The Corner

Ryan’s Rules

When NR editorially suggested that Paul Ryan should run for Speaker, it included a caveat: “For Ryan to lead House Republicans would require some accommodations. He would have to commit to keeping immigration legislation that most Republicans oppose off the floor, whatever his own opinion of it.” Judging from the reports of last night’s meeting, Ryan seems to be making that concession. Good: I think making Ryan Speaker would be a positive step for Republicans, but not if it led to enacting misguided immigration legislation and tearing the party apart over it.

There are conflicting reports about what Ryan wants with respect to the motion to vacate the Speakership. Some accounts claim that he is trying to eliminate the procedure for removing a Speaker, and thus weakening an important and longstanding check on the Speaker. As far as I can tell, this is doubly mistaken. First, the procedure has not been an important check on Speakers over the last few decades. Before its use against Boehner, it had last been used more than 100 years ago. Second, a spokesman says (consistent with some of the early reports) that Ryan wants to alter the procedure, not eliminate it. (Any number of changes are conceivable: One would be not to require a floor vote on the motion of one congressman.) It looks to me as though Ryan wants to bring the rule in line with the House’s actual practice, not seize vast new powers for the Speaker.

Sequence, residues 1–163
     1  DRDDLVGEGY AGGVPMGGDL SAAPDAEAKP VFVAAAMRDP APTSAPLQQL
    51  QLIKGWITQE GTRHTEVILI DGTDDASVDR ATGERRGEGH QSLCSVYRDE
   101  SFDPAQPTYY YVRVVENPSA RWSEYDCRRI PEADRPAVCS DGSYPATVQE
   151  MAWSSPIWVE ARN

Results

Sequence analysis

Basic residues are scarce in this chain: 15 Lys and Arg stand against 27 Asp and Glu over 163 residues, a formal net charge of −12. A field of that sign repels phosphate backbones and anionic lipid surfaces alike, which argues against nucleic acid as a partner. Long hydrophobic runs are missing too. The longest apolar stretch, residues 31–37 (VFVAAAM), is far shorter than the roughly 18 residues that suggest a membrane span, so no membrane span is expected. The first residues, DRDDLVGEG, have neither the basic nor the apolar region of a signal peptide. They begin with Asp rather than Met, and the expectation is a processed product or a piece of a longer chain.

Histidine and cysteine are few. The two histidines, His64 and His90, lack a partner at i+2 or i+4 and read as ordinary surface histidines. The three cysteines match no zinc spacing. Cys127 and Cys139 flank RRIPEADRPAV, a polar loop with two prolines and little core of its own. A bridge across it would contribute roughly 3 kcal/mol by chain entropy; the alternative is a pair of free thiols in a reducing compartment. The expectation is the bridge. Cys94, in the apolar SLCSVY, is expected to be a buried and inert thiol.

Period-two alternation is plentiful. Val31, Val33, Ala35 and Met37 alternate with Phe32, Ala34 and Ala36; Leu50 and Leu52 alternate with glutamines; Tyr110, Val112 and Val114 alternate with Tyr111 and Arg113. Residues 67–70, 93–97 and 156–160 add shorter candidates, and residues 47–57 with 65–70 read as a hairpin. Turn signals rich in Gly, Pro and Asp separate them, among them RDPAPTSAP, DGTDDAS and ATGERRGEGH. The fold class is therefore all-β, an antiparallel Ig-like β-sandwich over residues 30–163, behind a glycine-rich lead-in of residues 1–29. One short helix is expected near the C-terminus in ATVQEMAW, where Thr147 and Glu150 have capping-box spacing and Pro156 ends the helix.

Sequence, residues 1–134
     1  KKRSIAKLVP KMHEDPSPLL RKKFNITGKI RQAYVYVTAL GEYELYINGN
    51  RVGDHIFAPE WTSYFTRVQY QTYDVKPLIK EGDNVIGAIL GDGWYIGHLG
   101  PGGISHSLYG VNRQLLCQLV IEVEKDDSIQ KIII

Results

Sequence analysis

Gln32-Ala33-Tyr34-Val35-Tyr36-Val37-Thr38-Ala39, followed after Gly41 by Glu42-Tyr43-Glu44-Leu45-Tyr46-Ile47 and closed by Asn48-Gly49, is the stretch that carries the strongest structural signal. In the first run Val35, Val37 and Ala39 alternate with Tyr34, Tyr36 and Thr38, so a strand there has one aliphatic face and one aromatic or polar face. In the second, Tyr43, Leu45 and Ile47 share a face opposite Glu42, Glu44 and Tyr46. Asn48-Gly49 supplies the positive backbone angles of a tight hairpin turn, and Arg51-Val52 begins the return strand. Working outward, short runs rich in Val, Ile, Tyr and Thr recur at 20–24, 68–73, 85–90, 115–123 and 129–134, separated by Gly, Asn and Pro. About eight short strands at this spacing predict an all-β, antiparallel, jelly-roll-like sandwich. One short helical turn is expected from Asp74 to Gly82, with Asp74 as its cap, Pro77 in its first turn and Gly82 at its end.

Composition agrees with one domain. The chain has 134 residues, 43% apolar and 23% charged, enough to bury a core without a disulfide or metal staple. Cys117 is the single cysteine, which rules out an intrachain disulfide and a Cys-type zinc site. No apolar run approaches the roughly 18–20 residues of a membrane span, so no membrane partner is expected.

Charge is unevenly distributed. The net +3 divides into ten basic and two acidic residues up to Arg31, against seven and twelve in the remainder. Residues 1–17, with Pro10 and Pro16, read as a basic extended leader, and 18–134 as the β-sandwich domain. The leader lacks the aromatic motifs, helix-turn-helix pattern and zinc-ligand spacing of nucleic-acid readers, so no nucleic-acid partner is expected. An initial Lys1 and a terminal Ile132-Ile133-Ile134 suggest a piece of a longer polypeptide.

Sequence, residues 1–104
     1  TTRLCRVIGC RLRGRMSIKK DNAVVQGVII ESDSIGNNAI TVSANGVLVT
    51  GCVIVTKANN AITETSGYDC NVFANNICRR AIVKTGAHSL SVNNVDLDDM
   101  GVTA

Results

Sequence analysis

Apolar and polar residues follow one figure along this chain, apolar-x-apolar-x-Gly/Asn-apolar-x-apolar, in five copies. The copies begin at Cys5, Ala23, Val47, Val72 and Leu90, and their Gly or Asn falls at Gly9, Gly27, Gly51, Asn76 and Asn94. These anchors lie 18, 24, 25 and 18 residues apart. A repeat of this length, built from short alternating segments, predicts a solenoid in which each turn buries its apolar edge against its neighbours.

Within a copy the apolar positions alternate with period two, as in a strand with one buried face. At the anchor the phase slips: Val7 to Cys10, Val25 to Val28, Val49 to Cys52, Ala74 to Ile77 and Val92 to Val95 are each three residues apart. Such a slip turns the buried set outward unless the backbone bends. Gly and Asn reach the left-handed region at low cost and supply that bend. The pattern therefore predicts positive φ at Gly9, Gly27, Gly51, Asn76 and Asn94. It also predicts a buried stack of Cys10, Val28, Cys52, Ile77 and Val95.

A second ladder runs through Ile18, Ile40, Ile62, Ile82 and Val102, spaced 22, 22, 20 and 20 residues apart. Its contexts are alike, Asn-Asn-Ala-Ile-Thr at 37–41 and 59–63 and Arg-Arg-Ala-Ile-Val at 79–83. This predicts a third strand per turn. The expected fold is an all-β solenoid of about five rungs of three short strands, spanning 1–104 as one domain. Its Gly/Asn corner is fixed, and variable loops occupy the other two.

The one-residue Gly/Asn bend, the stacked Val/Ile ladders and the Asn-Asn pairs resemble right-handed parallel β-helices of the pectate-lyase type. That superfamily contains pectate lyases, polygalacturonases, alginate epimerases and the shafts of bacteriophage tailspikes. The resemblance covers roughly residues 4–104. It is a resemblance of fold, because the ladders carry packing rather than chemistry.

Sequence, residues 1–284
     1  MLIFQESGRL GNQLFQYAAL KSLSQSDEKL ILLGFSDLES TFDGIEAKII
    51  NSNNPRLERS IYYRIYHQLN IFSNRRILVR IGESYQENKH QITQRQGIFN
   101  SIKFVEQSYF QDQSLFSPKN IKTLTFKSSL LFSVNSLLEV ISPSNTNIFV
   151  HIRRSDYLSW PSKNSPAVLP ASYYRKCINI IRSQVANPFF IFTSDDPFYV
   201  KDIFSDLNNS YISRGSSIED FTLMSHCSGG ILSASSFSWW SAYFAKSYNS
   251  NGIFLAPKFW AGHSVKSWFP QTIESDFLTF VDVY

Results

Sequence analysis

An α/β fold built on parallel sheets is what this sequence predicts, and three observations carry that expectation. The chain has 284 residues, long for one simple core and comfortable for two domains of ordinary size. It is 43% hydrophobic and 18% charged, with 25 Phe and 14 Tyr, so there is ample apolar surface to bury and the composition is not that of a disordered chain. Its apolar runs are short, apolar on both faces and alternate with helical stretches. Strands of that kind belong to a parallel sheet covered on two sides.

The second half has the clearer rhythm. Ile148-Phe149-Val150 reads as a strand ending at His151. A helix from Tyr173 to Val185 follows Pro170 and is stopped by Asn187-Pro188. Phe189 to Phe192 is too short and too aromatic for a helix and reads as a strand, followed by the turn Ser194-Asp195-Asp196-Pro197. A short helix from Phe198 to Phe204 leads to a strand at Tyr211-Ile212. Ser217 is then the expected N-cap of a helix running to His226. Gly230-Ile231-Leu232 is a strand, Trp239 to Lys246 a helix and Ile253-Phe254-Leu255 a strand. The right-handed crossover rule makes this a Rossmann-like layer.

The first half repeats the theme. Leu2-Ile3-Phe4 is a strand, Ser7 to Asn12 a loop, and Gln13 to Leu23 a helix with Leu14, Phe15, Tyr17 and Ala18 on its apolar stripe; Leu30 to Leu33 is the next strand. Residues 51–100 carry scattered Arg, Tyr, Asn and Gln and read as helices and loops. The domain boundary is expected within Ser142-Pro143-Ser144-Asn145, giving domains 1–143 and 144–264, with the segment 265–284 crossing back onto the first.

Ramesh Ponnuru is a senior editor for National Review, a columnist for Bloomberg Opinion, a visiting fellow at the American Enterprise Institute, and a senior fellow at the National Review Institute.

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